Testing for COVID-19 Infectivity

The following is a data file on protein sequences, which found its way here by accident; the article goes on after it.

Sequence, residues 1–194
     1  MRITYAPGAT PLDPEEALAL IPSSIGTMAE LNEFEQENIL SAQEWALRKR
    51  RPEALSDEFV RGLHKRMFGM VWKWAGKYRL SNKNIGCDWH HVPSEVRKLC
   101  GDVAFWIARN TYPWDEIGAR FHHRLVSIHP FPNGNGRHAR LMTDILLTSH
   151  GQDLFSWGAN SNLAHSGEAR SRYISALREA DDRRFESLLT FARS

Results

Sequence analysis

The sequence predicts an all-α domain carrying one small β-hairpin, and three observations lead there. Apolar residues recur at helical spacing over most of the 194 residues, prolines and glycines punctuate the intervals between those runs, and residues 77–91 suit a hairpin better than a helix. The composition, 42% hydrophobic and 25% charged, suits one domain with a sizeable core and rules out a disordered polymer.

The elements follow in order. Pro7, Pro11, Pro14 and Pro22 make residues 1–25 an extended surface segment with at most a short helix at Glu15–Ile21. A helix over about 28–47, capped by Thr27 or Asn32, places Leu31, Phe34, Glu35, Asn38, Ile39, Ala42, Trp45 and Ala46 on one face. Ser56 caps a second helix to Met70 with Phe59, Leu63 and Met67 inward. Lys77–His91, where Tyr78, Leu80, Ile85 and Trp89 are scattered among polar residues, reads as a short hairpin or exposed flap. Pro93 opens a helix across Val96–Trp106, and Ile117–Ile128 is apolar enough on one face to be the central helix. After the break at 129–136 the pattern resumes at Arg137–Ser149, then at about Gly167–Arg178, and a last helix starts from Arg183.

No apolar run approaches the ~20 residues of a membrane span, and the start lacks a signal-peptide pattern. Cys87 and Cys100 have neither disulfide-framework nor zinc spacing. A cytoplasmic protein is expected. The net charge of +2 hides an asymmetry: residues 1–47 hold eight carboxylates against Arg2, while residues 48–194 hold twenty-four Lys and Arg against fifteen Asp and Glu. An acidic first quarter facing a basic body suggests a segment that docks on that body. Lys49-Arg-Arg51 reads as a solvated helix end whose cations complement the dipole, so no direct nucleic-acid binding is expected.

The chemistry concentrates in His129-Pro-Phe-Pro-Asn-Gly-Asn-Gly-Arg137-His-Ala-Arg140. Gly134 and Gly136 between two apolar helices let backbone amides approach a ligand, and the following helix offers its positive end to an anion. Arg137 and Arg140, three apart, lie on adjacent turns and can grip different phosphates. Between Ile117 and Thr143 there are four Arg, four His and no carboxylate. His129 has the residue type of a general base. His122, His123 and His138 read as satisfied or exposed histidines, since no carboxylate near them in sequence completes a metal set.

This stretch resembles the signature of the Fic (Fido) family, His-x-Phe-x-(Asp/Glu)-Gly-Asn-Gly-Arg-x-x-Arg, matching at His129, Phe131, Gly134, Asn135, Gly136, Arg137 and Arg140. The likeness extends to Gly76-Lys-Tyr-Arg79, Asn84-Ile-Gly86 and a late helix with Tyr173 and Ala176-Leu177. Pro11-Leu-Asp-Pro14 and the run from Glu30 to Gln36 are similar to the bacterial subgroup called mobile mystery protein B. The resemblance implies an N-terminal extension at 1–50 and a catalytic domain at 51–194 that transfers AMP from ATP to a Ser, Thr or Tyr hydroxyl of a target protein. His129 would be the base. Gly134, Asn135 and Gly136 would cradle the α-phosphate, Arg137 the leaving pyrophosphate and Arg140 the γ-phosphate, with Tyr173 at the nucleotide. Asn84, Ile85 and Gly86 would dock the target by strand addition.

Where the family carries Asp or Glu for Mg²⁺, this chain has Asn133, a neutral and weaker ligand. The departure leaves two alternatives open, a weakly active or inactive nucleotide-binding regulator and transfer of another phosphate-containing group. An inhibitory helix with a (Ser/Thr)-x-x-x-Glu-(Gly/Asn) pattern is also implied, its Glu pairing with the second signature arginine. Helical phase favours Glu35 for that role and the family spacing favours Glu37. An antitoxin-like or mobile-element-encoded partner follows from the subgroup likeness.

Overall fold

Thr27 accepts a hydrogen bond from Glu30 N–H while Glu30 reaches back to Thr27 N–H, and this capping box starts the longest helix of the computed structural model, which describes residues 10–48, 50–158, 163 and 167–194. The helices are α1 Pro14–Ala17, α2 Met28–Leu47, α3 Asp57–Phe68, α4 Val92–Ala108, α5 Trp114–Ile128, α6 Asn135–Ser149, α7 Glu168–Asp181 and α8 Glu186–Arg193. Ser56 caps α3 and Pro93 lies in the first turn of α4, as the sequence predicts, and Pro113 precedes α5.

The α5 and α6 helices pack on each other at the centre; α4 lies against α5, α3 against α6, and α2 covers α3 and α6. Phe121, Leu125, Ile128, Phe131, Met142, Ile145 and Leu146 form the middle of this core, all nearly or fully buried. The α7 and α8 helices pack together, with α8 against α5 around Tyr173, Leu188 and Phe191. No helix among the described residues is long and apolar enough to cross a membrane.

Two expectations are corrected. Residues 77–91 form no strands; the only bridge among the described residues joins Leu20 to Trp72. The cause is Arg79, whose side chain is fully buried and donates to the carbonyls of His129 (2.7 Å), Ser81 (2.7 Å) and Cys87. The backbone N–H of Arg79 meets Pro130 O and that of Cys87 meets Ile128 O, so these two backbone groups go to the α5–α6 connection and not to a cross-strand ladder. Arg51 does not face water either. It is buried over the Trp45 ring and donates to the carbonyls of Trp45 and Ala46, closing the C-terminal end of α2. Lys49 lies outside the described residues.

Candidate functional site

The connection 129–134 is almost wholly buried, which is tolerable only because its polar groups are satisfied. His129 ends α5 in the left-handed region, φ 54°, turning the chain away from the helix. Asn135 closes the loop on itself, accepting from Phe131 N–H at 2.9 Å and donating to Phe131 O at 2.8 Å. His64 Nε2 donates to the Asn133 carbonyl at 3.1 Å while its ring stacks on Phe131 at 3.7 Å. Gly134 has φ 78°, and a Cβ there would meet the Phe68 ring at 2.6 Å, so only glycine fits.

Testing for COVID-19 Infectivity